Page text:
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About Systemic Lupus

 

What is Systemic Lupus Erythematosus?

Systemic Lupus Erythematosus (SLE) is an autoimmune condition and belongs to a group of conditions known as autoimmune disorders. These are disorders in which antibodies (proteins in the blood which are designed to isolate and attack foreign materials such as viruses and bacteria) attack cells of the body’s own tissues. In doing so, an inflammatory reaction results (SLE is primarily a disease of inflammation); this is usually a temporary effect, but permanent damage may occur.

The connective tissue in a variety of organs may be affected by these antibodies, as the antibodies can attach to certain proteins in the body and this can lead to widespread damage. (Connective tissue is the tissue that binds and gives strength to many parts of the body such as the skin, joints, tendons, ligaments and blood vessels). Therefore SLE is sometimes referred to as a connective tissue disease (but many other structures in the body can also be affected).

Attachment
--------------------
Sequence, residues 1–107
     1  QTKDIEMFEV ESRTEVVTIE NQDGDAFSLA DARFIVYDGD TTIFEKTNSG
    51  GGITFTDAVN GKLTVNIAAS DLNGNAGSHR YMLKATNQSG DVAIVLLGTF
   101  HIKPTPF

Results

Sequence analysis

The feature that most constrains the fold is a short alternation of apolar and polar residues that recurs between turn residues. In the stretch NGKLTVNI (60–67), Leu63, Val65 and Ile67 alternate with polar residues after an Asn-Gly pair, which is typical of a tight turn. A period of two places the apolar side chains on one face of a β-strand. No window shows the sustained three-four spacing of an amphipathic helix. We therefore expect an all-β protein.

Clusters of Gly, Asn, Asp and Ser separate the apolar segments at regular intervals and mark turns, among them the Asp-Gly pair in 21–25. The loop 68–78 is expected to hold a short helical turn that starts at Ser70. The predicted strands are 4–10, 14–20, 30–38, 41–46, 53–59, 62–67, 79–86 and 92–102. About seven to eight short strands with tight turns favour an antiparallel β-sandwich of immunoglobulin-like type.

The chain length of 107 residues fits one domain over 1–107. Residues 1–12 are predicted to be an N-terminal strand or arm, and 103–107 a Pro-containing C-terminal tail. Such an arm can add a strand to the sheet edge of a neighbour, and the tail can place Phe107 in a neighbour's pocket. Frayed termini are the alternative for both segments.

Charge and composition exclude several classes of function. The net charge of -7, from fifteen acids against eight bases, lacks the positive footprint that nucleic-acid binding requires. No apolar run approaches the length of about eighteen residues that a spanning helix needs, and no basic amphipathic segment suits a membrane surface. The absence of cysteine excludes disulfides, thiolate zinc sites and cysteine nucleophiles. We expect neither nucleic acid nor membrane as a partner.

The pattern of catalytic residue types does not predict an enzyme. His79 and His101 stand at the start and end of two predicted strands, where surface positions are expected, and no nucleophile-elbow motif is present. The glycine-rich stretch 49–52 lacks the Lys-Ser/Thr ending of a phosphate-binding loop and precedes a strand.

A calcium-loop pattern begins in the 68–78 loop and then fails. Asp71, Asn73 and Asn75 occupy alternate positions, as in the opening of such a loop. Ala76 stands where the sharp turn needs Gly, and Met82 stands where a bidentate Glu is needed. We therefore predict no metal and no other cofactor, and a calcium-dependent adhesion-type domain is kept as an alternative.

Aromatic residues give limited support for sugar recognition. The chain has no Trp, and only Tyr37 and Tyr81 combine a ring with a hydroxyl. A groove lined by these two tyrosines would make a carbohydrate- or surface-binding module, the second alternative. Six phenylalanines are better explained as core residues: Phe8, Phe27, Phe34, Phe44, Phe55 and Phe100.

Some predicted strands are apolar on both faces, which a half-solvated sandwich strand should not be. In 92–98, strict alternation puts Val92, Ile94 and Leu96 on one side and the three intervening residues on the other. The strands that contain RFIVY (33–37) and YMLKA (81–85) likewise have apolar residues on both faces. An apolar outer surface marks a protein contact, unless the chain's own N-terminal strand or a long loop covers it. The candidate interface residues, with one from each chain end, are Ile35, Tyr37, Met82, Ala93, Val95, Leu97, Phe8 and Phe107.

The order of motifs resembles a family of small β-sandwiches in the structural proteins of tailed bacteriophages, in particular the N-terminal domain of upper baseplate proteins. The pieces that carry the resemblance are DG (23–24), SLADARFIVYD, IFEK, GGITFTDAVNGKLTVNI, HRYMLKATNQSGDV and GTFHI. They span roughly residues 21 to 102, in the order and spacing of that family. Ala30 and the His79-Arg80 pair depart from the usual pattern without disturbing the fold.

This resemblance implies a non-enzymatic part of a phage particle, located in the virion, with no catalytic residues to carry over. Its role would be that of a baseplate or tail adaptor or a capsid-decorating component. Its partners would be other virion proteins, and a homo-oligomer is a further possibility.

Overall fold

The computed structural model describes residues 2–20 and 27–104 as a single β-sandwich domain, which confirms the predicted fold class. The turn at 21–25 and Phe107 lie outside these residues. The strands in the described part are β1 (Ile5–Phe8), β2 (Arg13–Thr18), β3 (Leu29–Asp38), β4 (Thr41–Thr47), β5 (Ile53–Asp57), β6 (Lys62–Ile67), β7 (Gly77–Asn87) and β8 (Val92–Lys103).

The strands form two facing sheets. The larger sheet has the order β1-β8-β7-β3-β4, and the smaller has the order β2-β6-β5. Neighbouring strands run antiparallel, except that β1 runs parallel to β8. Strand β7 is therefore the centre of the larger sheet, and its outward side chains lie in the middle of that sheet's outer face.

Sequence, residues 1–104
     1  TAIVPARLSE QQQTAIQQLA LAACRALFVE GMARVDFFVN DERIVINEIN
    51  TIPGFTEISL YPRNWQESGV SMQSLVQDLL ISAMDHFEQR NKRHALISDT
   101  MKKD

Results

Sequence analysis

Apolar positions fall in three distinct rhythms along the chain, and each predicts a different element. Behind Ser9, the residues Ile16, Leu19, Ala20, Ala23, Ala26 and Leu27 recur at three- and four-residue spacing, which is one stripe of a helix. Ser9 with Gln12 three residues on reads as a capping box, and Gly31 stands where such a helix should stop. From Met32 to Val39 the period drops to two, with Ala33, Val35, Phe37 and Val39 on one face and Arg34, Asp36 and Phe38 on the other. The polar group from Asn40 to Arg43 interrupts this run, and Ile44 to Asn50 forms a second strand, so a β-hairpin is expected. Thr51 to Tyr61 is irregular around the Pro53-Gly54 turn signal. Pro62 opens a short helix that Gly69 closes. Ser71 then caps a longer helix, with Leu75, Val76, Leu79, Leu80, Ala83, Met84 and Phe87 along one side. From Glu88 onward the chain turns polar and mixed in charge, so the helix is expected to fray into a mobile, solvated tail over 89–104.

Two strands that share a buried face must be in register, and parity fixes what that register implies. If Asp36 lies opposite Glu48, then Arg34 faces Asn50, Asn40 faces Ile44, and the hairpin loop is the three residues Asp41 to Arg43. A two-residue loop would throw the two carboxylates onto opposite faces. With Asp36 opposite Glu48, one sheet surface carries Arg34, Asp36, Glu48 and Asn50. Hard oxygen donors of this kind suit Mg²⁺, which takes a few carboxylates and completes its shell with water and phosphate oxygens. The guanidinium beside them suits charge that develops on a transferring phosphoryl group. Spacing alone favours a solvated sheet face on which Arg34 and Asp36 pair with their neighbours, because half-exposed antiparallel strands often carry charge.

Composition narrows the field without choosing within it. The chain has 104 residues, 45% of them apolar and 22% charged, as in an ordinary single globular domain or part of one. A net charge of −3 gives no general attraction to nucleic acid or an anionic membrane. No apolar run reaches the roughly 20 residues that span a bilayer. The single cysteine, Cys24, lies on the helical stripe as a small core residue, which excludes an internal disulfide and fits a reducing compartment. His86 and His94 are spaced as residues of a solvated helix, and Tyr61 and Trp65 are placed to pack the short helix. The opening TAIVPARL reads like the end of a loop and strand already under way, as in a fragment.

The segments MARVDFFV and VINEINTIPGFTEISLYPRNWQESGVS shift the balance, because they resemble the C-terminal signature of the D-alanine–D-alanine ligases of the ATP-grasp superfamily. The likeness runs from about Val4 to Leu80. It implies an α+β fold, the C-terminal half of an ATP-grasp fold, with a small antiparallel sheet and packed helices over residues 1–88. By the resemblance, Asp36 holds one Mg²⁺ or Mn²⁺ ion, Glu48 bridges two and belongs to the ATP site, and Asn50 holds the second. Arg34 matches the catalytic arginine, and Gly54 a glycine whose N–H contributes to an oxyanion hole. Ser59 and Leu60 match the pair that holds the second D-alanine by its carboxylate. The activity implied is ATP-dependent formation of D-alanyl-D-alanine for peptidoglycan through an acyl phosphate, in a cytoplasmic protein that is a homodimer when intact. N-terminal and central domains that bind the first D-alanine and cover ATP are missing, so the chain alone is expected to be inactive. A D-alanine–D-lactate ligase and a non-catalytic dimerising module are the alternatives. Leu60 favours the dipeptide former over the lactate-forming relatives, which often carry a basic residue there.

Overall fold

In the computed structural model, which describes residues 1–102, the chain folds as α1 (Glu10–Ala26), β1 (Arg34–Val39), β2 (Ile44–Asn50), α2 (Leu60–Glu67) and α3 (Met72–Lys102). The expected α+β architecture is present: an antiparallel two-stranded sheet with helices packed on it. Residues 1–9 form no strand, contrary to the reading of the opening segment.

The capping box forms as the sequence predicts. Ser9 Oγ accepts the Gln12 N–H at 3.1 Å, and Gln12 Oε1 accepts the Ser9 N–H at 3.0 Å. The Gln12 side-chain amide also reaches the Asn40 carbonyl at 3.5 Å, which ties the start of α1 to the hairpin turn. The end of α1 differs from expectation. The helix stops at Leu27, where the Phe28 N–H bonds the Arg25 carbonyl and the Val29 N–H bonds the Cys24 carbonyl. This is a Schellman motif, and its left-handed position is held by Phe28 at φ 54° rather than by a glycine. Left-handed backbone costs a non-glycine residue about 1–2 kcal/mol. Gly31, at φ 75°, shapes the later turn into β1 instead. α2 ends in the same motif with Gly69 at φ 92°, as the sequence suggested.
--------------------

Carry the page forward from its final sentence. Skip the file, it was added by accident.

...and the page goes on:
Systemic Lupus Erythematosus or SLE (affecting the musculo-skeletal system and internal organs) is part of a wider family of conditions but is the most common. The wider family of conditions is a spectrum of conditions which includes:

  • Discoid lupus erythematosus
  • Drug-induced lupus erythematosus
  • Anti-phospholipid Syndrome
  • Overlap autoimmune conditions

This guidance deals largely with SLE.

SLE can present as:

  • Skin rash
  • Musculoskeletal symptoms – Joint pain (arthralgia) and muscle pain, non- erosive swelling, and tendon and ligament inflammation (e.g. Jaccoud’s Arthropathy)
  • General malaise, including fatigue
  • Kidney involvement - glomerulonephritis Kidney Disorders
  • Other widespread and variable clinical manifestations can occur in the brain, lungs, heart, as well as accelerated atherosclerosis.

Different people are affected differently too. In some people, the condition only has nuisance value, whereas in others, there will be considerable effects which may be life-threatening.

It is a chronic condition which normally relapses (in the form of “flare- ups”), and remits. The tissues affected may or may not completely recover from the damage to which they have been subjected.

for more www.dwp.gov.uk

 


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